Compressive moduli and network parameters of N-isopropylacrylamide hydrogels copolymerized by monoesters of itaconic acid and crosslinked with tetraallylammonium bromide

KOZBEKCI C., Şenkal B. F., Erbil C.

JOURNAL OF APPLIED POLYMER SCIENCE, vol.134, no.29, 2017 (SCI-Expanded) identifier identifier

  • Publication Type: Article / Article
  • Volume: 134 Issue: 29
  • Publication Date: 2017
  • Doi Number: 10.1002/app.45039
  • Journal Indexes: Science Citation Index Expanded (SCI-EXPANDED), Scopus
  • Istanbul Technical University Affiliated: Yes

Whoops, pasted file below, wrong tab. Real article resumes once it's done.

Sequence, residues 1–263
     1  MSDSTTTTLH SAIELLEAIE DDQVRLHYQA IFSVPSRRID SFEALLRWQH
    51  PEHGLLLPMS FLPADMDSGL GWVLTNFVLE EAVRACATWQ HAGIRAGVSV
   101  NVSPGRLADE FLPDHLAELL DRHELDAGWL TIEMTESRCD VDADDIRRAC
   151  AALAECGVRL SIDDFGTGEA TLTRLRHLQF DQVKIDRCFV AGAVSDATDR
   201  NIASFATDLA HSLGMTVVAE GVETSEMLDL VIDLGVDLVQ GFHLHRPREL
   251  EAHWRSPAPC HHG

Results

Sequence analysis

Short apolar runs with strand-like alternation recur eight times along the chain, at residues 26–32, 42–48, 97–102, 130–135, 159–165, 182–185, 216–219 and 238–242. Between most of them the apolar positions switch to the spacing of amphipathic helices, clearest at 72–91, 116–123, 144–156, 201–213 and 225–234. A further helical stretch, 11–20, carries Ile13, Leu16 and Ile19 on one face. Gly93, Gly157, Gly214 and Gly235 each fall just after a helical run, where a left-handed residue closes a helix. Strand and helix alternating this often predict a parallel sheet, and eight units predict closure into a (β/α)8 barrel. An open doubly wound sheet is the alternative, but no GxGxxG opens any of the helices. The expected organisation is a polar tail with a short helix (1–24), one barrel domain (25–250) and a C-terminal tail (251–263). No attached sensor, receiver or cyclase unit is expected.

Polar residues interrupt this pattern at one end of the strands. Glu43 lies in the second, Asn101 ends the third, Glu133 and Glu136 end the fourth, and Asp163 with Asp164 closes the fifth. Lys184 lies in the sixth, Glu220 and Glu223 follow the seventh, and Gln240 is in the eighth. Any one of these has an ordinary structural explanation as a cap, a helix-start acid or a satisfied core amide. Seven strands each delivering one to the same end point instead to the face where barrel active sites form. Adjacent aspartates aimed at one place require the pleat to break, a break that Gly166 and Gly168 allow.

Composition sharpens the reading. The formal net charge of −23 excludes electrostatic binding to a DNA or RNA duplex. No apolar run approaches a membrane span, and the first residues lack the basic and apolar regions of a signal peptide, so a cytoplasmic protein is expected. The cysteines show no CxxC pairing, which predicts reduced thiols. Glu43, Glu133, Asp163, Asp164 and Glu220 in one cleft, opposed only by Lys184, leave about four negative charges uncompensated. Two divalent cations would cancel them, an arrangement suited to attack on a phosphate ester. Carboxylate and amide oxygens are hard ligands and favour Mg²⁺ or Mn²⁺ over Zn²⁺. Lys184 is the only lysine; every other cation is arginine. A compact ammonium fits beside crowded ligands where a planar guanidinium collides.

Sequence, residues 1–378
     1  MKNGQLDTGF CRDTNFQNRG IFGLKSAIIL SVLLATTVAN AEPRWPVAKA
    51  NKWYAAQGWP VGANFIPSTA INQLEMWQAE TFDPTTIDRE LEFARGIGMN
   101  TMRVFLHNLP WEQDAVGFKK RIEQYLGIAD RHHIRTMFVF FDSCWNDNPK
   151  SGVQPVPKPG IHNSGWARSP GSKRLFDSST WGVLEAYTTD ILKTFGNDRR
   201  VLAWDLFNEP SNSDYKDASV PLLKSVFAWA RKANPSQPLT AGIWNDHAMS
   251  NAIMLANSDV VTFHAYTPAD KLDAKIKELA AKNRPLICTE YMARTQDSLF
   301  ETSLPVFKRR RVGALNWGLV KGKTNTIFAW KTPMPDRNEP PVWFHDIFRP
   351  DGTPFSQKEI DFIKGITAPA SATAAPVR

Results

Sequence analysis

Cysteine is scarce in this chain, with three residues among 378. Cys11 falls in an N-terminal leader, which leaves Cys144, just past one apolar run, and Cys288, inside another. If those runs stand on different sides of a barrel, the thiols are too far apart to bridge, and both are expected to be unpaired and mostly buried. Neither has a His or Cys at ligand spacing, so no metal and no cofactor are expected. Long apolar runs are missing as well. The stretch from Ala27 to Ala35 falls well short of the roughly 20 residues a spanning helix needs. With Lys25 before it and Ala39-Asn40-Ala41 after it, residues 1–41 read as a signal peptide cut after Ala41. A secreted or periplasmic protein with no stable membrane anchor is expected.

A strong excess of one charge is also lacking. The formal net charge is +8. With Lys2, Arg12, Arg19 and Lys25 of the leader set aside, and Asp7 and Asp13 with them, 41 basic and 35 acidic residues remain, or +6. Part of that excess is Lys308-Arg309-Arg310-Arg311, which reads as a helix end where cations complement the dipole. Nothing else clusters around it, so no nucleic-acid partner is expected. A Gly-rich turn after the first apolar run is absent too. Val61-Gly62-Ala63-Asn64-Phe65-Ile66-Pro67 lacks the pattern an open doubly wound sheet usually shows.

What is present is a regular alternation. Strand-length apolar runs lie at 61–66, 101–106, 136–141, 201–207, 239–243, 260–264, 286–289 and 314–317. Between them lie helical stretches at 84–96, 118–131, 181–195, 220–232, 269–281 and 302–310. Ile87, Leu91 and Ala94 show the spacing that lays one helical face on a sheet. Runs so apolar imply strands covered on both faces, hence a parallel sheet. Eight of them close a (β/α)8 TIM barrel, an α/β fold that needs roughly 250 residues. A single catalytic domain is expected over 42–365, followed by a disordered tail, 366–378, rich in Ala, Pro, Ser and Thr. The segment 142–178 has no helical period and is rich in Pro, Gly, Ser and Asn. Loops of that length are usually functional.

The present study focuses on the mechanical properties of hydrophilically or hydrophobically modified poly(N-isopropylacrylamide) (PNIPAAm) hydrogels, and all discussions on their improved mechanical strengths are based on the conformational effects of hydrophobic side chains attached to the comonomers and the structural differences between the crosslinkers. Three different types of monoalkyl itaconates, bearing octyl (Oc), cetyl (Ce), and cyclohexyl (CH) groups as comonomers, were used to prepare the copolymeric PNIPAAm hydrogels crosslinked with N,N'-methylenebisacrylamide (BIS) and tetraallylammonium bromide (TAB) as neutral tetrafunctional and ionic octafunctional crosslinkers, respectively. The most striking result is the compressive E modulus of TAB-crosslinked PNIPAAm hydrogel containing 10 mol % of mOcI. It reaches nearly 1.0 MPa and is independent of the temperature and pH of the swelling/shrinking medium. The result was discussed in terms of the inter/intramolecular interactions between hydrophobic octyl groups adopting a rod-like conformation in the case of 25 degrees C/distilled deionized water (DDW) and 37 degrees C/DDW combinations. Further, it was observed that the electrostatic repulsive forces between the carboxylate groups on mOcI units could be suppressed even at 37 degrees C and pH9 due to the rod-like conformations of C8H17 groups. Its micrographs under bright-field and polarized light supported the presence of an ordered anisotropic phase and multiple associations of extended, hydrophobic side chains. (c) 2017 Wiley Periodicals, Inc.